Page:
Tuesday 15 December 2015 5:48 am

Tim Peake's mission marks a historic day for the UK space industry as Britain's first International Space Station astronaut gets set for lift off

Today marks an historic day for British science, innovation and space investment. It is the day that Tim Peake blasts off to the International Space Station – the first British astronaut from the European Space Agency to do so.

This remarkable feat is the pinnacle of the UK’s growing global capability in space innovation and research – a sector that has almost doubled in value to £11.8bn in just seven years and already employs more than 37,000 people in Britain.

Read more: Here's what it takes to be an astronaut with Nasa

It is why this week we set out, for the first time, our long-term commitment to supporting the continued growth of the UK space industry through the National Space Policy – a commitment by some 26 government organisations and partners to strengthen the UK’s capability to capitalise on the social and economic advantages that flow from space science and satellite technology.

This will help us to meet our ambition to grow the sector to £40bn by 2030, create an extra 100,000 jobs and secure the UK’s status as a global science leader.

The opportunities offered are also why we are protecting the science budget in real terms throughout this Parliament along with a record £6.9bn investment in science infrastructure – making certain our world-leading science base can live long and prosper.

I am passionate about space and the great science that is behind our thriving space sector, but even as a fan of Star Trek, I know that science fact is more incredible than science fiction.

This is not just about one mission, or about generating new jobs and business. This is about the UK taking our place as a world leader, where our expertise in space technology plays a crucial role – from generating emergency response solutions to flooding, to modernising our communications infrastructure. UK-built telecoms satellites already make-up 25 per cent of the world market, but our ambition is to create our own national launch capability for satellites here in the UK by 2020.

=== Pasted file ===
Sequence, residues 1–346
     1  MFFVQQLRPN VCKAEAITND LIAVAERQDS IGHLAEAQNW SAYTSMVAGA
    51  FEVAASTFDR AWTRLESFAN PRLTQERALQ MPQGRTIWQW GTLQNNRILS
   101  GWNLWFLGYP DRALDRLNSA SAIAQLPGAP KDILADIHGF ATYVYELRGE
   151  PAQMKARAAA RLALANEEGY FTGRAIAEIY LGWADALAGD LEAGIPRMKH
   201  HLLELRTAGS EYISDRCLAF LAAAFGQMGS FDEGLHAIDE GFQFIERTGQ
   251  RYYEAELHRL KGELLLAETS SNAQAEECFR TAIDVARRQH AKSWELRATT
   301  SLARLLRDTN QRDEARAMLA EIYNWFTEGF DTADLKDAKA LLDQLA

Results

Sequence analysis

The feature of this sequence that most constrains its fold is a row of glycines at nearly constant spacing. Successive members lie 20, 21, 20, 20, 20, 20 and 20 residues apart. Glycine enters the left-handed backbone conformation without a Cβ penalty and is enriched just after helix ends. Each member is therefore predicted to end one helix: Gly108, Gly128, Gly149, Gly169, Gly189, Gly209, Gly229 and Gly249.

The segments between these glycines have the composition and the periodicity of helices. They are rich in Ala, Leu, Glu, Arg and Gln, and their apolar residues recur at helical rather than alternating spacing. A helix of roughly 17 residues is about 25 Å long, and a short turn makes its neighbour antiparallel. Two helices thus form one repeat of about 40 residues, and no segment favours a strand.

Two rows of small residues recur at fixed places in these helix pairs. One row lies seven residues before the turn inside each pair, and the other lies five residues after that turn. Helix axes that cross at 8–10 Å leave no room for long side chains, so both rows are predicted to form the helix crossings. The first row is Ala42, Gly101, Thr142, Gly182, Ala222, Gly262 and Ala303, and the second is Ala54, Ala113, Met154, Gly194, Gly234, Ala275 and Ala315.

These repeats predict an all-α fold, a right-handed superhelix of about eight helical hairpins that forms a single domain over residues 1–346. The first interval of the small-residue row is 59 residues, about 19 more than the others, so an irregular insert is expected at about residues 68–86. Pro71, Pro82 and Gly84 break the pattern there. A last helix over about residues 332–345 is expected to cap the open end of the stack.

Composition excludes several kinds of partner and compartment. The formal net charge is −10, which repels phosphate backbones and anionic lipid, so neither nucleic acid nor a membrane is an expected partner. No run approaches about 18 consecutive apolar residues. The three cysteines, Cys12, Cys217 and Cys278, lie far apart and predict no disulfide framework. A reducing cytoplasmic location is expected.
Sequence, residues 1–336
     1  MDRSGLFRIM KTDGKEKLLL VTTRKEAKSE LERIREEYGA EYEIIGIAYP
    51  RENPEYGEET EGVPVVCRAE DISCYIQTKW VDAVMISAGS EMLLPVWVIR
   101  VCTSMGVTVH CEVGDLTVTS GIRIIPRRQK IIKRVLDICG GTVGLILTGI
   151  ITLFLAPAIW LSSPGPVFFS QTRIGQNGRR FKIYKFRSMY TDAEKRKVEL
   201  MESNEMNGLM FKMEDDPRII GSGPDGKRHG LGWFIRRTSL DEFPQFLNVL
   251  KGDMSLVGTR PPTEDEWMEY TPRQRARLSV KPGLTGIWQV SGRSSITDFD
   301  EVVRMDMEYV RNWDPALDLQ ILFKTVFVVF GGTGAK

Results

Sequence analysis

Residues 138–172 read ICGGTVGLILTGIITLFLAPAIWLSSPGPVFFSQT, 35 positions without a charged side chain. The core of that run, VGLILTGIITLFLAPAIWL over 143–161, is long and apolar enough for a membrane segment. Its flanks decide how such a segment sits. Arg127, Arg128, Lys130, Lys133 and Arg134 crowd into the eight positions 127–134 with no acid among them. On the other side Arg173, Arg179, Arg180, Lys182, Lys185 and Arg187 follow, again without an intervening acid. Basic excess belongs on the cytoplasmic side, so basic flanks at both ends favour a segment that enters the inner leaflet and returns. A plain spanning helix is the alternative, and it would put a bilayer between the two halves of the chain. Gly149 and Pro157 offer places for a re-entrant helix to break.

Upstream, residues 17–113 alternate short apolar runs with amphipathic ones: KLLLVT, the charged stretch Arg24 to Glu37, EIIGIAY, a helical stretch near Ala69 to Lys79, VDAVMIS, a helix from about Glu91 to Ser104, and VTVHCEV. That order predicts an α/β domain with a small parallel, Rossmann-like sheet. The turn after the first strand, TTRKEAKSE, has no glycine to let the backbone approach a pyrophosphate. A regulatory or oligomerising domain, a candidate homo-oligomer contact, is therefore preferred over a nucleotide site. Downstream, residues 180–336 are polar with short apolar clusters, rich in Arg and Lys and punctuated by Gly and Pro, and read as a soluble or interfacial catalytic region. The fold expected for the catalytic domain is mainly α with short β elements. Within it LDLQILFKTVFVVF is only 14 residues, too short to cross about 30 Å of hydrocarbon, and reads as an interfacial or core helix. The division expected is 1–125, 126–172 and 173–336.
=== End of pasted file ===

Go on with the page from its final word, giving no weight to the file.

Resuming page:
This exciting prospect means UK-built satellites will be sent up from UK soil using a UK launch platform, with UK scientists and developers using the data to create new services and applications.

British scientists and academics are behind some of the most cutting edge research projects using satellite technology that will shape our world’s future.

University of Sheffield professor Shaun Quegan is the scientific lead on a mission which will accurately map forest canopies worldwide for the first time – data that will enable scientists to calculate how much carbon they store and support efforts to tackle climate change.

And innovative British businesses such as Avanti Communications are working with partners in Africa to deliver a crucial air navigation project powered by satellite technology to improve flight safety, reduce traffic accidents and support economic development.

This government also invests around £400m a year in civil space projects, supporting our membership of the European Space Agency – which is putting Tim Peake into orbit and opening up the unique orbiting laboratory of the International Space Station to UK researchers.

The returns of this investment are clear, not just in supporting UK businesses in growing global markets or our long-term economic security, but also in inspiring our young people to take up a career in science and help shape our future.

As Tim Peake this morning prepares for his mission at Baikonur Cosmo­drome, just as Yuri Gagarin prepared to become the first person in space 54 years ago, today the government is making sure Britain has the capability to play a key role in the space projects of the 21st century and beyond. So our British scientists and innovators can reach for the stars and boldly go where no one has gone before.